“Growing a strong community is the best way to differentiate from the competition”

Gargi Shah is the co-founder of one of Mumbai‘s first coworking spaces. When she opened The Playce in November 2012, the coworking concept was practically unheard of in India. Gargi spent many days dreaming up ways to explain what she did to her grandmother, who still believes that her granddaughter rents out offices for a living. The Playce has completed five eventful years – a proud home to creative, entrepreneurial and even outlandish co-workers.

We spent some time talking with her to get her impressions about running a coworking space in one of the biggest, densest and fastest developing city in the world.

We use to claim coworking is all about community. Some players say tenants just appreciate the flexibility and a convenient environment. How do you see it?

Gargi Shah

Coworking is NOT just about the community. Customers come with different goals. Some are looking for a productive office space, some are looking to find like-minded people, others for an affordable setup still, others choose coworking for the unprecedented flexibility it provides. 

Coworking is NOT just about the community. Customers come with different goals.

Having a strong community in a coworking space makes the space attractive, but it is one of the many things that space offers. It can be one of the best ways to retain customers, especially teams.

Is Coworking just a smart Real Estate game?

Coworking is generally much more than simply a Real Estate calculation. There are community, flexibility, affordability and a host of other useful services offered to the customer.

That said, there are many cases where coworking is a way to leverage non-premium properties. In these cases, it starts with a smart Real Estate Game. The premise in question is typically not a premium property for a variety of reasons – location, floor plan, market conditions etc. This makes it tricky to rent out the entire premise to a single lessee.

The owners of such Real Estate premise have come to realise that coworking can give them a quick-fix to their rental requirements. Running a coworking space is a clever idea because the premise generates at least some revenue (even if it is less than market rent) instead of lying vacant. Coworking customers are looking for affordable workspaces even if it means that they have to compromise on certain other parameters. It’s a win-win for both the parties.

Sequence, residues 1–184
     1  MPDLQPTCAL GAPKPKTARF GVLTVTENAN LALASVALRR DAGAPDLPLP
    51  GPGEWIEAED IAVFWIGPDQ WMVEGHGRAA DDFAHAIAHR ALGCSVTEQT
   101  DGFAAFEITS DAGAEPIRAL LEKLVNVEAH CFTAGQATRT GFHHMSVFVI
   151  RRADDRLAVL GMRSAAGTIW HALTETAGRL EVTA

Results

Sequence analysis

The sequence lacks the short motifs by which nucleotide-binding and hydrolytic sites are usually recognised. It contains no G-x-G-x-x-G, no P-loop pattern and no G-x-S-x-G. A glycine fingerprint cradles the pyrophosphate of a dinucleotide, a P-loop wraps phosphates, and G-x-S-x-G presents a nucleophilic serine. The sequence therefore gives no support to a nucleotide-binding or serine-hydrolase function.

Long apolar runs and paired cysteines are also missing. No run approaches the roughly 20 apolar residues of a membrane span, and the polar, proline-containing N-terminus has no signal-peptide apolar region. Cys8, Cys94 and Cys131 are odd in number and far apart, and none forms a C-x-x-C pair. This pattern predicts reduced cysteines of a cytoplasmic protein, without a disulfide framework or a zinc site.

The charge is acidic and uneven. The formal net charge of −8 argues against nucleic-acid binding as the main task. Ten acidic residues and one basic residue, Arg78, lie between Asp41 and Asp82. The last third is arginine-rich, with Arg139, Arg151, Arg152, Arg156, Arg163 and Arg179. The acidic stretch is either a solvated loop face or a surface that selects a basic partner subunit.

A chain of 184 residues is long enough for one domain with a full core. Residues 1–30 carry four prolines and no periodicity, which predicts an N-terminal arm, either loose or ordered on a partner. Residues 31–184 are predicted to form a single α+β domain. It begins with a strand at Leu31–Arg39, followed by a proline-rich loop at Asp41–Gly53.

Mumbai is one of the biggest and crowdiest metropoles in the world. Coworking is booming. Is community less important in big cities?

The community is just as important in the big cities, perhaps even more so because the coworkers (entrepreneurs, startups, freelancers, etc) are working in a highly competitive market. They need all the support and encouragement they can get. It certainly helps them to know that there are others like them who are sticking their neck out for their idea. The support of the community and kindred souls is invaluable when an entrepreneur is starting out. 

The community is just as important in the big cities, perhaps even more so because the coworkers are working in a highly competitive market.

On the flip side, a coworker has many more options in a big city – cafes and restaurants (long the ‘offices’ of lone warriors), extra unused desks in traditional offices, apartments etc. This makes it harder for coworking spaces to retain customers.

How do we fill in coworking spaces in India?

India is rather diverse and most coworking spaces have their own niche offering. Some offer unbeatable prices, some offer creative interiors, some have simply located themselves in a high-demand location and some have an organic community built over a period of years. In Mumbai, there are diverse demographics who need a coworking space to suit different needs. It is mainly an overwhelming demand for flexible office spaces that drives the coworking market of Mumbai.

Most coworking spaces have their own niche offering. Some offer unbeatable prices, some offer creative interiors, some have simply located themselves in a high-demand location and some have an organic community built over a period of years

Fun, conviviality, learning, networking… Is it only for startups or Gen Y and Z?

Oh no, not at all. In all our workshops and events we have seen incredibly large participation from established freelancers and folks in their forties, fifties and even a few in their sixties. One would expect that startups and Gen Y/Z folks would be a big part of the fun and networking, but more often than not they don’t have the time and inclination to get out of their personal space and explore. They are buried in their startup challenges and personal journeys. It is the 30s and over a crowd that tends to have a more long-term perspective and are an integral part of the fun, learning and networking side of things.

One would expect that startups and Gen Y/Z folks would be a big part of the fun and networking, but more often than not they don’t have the time and inclination to get out of their personal space and explore

 

 

 

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